4.05.2010

Against "Net Neutrality"

Robert W. McChesney, the man quietly succeeding in, well, surreptitiously gliding net neutrality legislation down your throat, is the founder of an organization ironically titled "Free Press." McChesney vaguely leads the fight against "special interests" taking over the internet. I know it doesn't matter that McChesney is the former editor of the explicitly socialist magazine, Monthly Review, but... yes it fucking does, because socialists always discover that, to realize their utopian plans, they need the complicity (forced or voluntary) of the media.

Every bit of McChesney's "thinking" that I read seems obviously to have been hatched in one of those pot-induced sessions where up seems like down, because, if you think hard enough... see, man?

I know this isn't exactly the kind of transcendentalism I recently promised--and I'm not up for a long-ass argument about this stuff. I just want to go on record in early April of '10 siding with those who think that unregulation was what was so awesome about the internet.

Freedom. I value freedom. Even if that means that I live in a society where other people have more money than I do and can broadcast more loudly than I can. To have freedom, I need to be able to make choices; to have choices, I need to be able to choose good, evil, hatred, love, bigotry, Glenn Beck, and Maoist socialism.... all at the same bandwidth. AND, if there's an internet provider that doesn't want to let me access socialist bullshit or corporate propaganda, I think that's fine... but that's a longer story, isn't it?

UPDATE: Good.

3 comments:

Insignificant Wrangler said...

Do you even know what net neutrality is? Or are you just regurgitating (empty) rhetoric?

Casey said...

I've read quite a bit about it, and I think everything about it is a terrible idea, and for largely the same reasons that I think regulating any industry is ineffective, unethical, and ultimately counterproductive:

First of all, there's no existing problem. Corporate providers have every reason to give consumers what they want, and no reason to offer skewed access. Progressives never understand the way markets work, and so they're always thinking they see "problems" with what the market offers.

Progressives imagine a scenario in which Comcast would offer better service for their own "re-television" channel than they would for HULU or something. First, that isn't happening. Second, if it did, consumers would be up Comcast's ass. Third, if there weren't already incredibly boggy legislative hoops for any possible competitors to jump through in order to start a competing cable company, a competitor would destroy any company that tried to treat consumer-demand that way.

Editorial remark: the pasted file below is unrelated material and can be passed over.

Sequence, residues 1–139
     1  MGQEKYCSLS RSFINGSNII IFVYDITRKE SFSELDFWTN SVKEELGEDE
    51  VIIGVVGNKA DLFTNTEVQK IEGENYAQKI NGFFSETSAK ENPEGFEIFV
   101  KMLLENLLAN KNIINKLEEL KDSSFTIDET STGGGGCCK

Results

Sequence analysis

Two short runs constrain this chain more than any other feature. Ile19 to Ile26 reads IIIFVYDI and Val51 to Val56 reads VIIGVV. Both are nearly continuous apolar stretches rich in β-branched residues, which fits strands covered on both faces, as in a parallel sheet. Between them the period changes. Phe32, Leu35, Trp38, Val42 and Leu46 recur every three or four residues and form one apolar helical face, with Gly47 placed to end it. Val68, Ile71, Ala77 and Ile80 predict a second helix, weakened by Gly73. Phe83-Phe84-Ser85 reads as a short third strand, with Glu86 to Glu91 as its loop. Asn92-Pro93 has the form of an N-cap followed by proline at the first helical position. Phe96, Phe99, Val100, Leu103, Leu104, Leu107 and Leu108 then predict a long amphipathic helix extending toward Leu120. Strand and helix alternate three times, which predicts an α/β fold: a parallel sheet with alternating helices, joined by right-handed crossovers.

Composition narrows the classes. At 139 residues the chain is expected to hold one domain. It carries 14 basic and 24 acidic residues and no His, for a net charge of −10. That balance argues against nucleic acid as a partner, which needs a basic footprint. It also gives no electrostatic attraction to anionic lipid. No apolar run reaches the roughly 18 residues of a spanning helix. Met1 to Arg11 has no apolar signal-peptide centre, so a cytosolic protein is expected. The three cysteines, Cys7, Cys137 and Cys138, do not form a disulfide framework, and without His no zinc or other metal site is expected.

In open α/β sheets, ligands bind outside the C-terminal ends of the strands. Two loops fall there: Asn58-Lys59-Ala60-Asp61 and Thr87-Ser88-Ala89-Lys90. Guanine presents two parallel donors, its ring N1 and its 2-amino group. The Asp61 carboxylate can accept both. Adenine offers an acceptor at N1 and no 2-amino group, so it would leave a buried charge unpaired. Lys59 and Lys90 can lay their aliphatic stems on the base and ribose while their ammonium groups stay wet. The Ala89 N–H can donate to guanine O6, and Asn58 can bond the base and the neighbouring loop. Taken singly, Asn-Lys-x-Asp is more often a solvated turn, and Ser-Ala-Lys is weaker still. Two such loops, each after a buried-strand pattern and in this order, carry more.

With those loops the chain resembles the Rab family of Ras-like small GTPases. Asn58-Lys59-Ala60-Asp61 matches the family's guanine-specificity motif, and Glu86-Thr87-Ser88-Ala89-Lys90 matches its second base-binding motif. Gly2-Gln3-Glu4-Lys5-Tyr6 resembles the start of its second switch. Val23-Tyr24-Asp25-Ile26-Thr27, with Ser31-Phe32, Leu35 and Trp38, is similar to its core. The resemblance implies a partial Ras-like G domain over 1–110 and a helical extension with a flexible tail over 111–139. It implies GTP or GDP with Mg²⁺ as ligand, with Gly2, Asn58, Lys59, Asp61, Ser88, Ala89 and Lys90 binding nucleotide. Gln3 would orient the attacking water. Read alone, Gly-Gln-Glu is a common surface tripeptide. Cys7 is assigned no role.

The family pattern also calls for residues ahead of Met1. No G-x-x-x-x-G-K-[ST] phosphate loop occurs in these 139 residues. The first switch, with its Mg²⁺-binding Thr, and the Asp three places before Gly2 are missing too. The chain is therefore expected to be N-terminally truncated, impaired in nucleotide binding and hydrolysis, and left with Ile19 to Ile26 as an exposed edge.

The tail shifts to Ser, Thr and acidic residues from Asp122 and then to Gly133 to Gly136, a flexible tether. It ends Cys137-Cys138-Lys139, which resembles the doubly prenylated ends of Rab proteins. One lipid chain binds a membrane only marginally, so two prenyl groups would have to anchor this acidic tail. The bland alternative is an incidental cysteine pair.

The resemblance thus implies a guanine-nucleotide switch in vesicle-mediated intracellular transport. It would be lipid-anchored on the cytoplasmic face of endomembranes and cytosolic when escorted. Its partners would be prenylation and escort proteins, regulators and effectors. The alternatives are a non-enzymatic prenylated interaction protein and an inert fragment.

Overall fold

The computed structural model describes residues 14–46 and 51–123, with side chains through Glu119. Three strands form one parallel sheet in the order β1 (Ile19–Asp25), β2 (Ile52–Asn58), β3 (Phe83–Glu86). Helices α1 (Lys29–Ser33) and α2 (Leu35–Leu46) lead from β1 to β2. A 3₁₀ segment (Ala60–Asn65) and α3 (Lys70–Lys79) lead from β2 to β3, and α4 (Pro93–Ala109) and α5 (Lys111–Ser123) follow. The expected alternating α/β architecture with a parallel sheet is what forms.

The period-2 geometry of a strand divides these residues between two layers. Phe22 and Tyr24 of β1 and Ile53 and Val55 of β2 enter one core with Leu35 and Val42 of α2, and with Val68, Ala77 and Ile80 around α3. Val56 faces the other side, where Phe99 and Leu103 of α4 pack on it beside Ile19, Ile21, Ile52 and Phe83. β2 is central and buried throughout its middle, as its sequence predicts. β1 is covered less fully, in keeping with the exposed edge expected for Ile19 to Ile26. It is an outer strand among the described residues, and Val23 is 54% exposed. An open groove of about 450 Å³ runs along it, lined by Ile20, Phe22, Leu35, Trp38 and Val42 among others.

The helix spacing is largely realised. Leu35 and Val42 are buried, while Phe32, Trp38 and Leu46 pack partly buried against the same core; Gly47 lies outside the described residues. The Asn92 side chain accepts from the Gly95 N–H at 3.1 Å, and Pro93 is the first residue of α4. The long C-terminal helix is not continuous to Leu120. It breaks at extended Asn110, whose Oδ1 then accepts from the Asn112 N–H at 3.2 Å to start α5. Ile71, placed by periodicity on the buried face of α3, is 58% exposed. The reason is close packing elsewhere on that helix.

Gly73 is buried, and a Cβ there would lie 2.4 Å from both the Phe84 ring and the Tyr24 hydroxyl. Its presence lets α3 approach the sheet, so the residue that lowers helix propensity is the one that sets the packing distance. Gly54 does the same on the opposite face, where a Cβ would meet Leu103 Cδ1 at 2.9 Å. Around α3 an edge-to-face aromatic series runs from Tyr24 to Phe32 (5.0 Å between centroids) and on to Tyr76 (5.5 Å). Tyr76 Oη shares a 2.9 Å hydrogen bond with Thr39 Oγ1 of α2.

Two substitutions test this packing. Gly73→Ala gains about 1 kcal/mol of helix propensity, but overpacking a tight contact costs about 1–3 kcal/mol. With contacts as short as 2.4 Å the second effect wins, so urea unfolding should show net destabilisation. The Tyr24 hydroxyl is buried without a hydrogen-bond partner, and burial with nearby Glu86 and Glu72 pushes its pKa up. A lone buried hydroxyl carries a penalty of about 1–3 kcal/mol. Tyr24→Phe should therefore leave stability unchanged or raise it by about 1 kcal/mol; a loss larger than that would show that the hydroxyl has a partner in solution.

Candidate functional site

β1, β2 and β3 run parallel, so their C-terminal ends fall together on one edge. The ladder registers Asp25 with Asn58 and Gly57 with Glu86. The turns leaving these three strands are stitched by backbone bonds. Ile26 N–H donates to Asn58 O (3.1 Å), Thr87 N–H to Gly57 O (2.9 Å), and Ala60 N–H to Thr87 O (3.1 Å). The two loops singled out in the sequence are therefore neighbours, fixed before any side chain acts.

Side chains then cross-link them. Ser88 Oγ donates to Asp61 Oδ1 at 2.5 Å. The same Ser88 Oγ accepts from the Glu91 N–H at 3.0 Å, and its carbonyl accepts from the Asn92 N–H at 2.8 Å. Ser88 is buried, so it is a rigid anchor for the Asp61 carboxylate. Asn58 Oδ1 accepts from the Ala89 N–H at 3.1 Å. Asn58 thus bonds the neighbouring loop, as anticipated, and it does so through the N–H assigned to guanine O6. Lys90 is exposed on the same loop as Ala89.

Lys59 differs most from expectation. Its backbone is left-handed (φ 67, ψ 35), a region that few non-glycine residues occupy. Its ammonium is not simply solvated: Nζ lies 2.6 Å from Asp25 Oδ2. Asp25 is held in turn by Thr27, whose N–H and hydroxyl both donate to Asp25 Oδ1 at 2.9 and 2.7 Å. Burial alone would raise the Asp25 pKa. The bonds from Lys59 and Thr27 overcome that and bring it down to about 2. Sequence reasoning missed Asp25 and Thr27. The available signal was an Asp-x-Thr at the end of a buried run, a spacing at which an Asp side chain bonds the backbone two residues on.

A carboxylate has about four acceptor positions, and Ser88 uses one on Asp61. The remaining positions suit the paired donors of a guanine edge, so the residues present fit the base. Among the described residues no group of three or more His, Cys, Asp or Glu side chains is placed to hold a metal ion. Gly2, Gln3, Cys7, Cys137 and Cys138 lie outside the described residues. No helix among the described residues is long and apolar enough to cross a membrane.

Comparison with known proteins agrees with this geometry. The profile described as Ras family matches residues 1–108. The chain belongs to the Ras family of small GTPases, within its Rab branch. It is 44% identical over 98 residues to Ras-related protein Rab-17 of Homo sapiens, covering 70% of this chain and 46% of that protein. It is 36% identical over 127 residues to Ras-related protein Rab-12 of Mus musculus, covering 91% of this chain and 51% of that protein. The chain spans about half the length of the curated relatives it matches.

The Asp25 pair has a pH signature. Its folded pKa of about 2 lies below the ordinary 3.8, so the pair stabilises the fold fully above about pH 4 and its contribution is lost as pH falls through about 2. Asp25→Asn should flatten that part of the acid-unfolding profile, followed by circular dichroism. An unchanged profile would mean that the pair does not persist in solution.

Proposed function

But... maybe that's empty rhetoric? Deliver me some Truth, brother. :)

Casey said...

[Oh, plus:] Do you really trust the government to regulate the way you want it to? Really? Even when the anti-Obama Hillbilly-Jesus guy gets elected in 2012?

Markets, man.

When you say, we need to support and develop networked computing ventures: cooperatives that unite the processing power of hundreds, if not thousands, of computers nationwide. I speak of projects such as Stanford University's Folding Home project (http://folding.stanford.edu/English/FAQ-PS3), which has already made great strides in researching particle physics and hopes to tackle major medical issues. These projects require a neutral internet...

...you sound to me just like any special-interest lobby group begging the government for extra funding. You research turtle-reproduction rates? "We need to research that and fund it..." You think we need solar powered cars? "We need to research that and fund it."

Governments don't do this stuff effectively, Santos. They never do. You think there's a problem because the markets aren't producing opportunities for things like "networked computing ventures," but there's no demand for that. People want HULU, not networked computing ventures.

But, I'm just being consistent, I guess... no surprises here.